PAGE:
Get the Mach newsletter. SUBSCRIBE How far would you go to keep your mind from failing? Would you go so far as to let a doctor drill a hole in your skull and stick a microchip in your brain? It’s not an idle question. In recent years neuroscientists have made major advances in cracking the code of memory, figuring out exactly how the human brain stores information and learning to reverse-engineer the process. Now they’ve reached the stage where they’re starting to put all of that theory into practice. Last month two research teams reported success at using electrical signals, carried into the brain via implanted wires, to boost memory in small groups of test patients. “It’s a major milestone in demonstrating the ability to restore memory function in humans,” says Dr. Robert Hampson, a neuroscientist at Wake Forest School of Medicine and the leader of one of the teams. The research is funded by the Defense Advanced Research Projects Agency, which … [Read more...] about Memory-boosting brain implants are in the works. Would you get one?
How people learn brain mind
By George Musser, SpectrumMar. 9, 2018 , 9:00 AM Originally published on Spectrum Satsuki Ayaya remembers finding it hard to play with other children when she was young, as if a screen separated her from them. Sometimes she felt numb, sometimes too sensitive; sometimes sounds were muted, sometimes too sharp. As a teenager, desperate to understand herself, she began keeping a journal. “I started to write my ideas in my notebooks, like: What’s happened to me? Or: What’s wrong with me? Or: Who am I?” she says, “I wrote, wrote, wrote. I filled maybe 40 notebooks.” Today, at 43, Ayaya has a better sense of who she is: She was diagnosed with autism when she was in her early 30s. As a Ph.D. student in the history and philosophy of science at the University of Tokyo, she is using the narratives from her teen years and after to generate hypotheses and suggest experiments about autism — a form of self-analysis called Tojisha-Kenkyu, introduced nearly 20 … [Read more...] about Does autism arise because the brain is continually surprised?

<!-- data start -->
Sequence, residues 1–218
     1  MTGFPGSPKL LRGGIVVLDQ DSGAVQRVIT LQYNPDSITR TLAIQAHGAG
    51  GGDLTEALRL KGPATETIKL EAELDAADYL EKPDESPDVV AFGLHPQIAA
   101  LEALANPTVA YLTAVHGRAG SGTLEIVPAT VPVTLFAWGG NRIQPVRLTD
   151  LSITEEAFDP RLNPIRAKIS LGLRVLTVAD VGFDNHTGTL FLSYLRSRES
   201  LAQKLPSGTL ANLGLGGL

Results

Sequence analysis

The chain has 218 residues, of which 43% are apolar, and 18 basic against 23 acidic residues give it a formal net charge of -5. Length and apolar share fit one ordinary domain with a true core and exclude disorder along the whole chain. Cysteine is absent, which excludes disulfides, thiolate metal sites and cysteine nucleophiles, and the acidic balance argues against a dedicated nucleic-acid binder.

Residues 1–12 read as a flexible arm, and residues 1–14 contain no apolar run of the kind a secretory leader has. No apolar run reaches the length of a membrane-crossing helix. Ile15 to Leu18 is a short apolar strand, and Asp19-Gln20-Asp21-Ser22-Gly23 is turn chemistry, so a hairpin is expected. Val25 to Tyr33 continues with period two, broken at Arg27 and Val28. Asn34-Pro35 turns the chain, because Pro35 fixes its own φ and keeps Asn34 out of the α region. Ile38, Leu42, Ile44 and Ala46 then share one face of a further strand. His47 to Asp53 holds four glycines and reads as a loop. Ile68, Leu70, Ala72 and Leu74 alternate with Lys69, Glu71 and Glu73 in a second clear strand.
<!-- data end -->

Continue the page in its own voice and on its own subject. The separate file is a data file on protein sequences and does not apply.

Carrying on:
From software development to construction to logistics and finance, every company has projects that need planning, managing and monitoring. But the tools we use to do that are often complex, designed for specialists and don’t do as much as they could to warn about potential problems. Could AI-powered decision support systems and automation make more of your projects successful by reducing costs and mistakes, analyzing risks, making things more efficient or keeping things on time and on budget?Here is an early look at how artificial intelligence, machine learning and predictive analytics could affect project outcomes in the years to come.Thinking about riskManaging a project well takes more than just making a great plan in advance and sticking to it. Interdependencies within your project and external changes make outcomes unpredictable. Estimates and many forecasts are at best intuition; at worst, guesses and handwaving. Modern management techniques such as agile and continuous … [Read more...] about How AI could revolutionize project management
Two years ago, luxury car brand Bentley created an app to solve what must be the epitome of first world problems: helping customers pick the right Bentayga SUV, based on facial emotion analysis. The Inspirator App, which is no longer available, scanned your facial expressions while showing different videos containing “lifestyle-themed stimuli” to work out which customizable features — wheels, paint, and interior — best fit your taste. The app was a gimmicky tool at best; something fun to play with for those who can afford a $300,000 car but in no way a scientifically valid method to match emotion to preference. Still, technology that can read your emotions is becoming increasingly advanced — and marketers are taking notice. Emotions play an important role in the customer’s decision to make a purchase, so emotional analytics are of great value to marketers and advertisers. Emotional creatures “We tend to think of ourselves as … [Read more...] about Computers can now read emotions — here’s how that will help you sell products
During the last century, science managed to make gigantic leaps in understanding how the human brain functions. Unfortunately, the majority of the most significant experiments and researches were carried out on Nazi captives, within the dark halls of concentration camps. Cutting through people’s brains and exposing them to highly inhumane stimulations showed us a lot about how we think, memorize, perceive, etc. Thankfully the era where scalps are opened without anesthesia is long gone, and we now use much less physically invasive tech to learn about human behaviour, traits and brain rhythms. Details about neuronal activity are now collected (semi-)directly through technologies that can read and monitor brainwaves, and in-depth analysis of yourself is then done through complex algorithms. All that 'chatter' you hear about services like Facebook and Twitter, or devices, such as some of Bose's headphones , alleging records of copious amounts of personal data, is not just chatter, … [Read more...] about ‘New human rights’ proposed to fend off thought theft and brain control. Hello, 1984!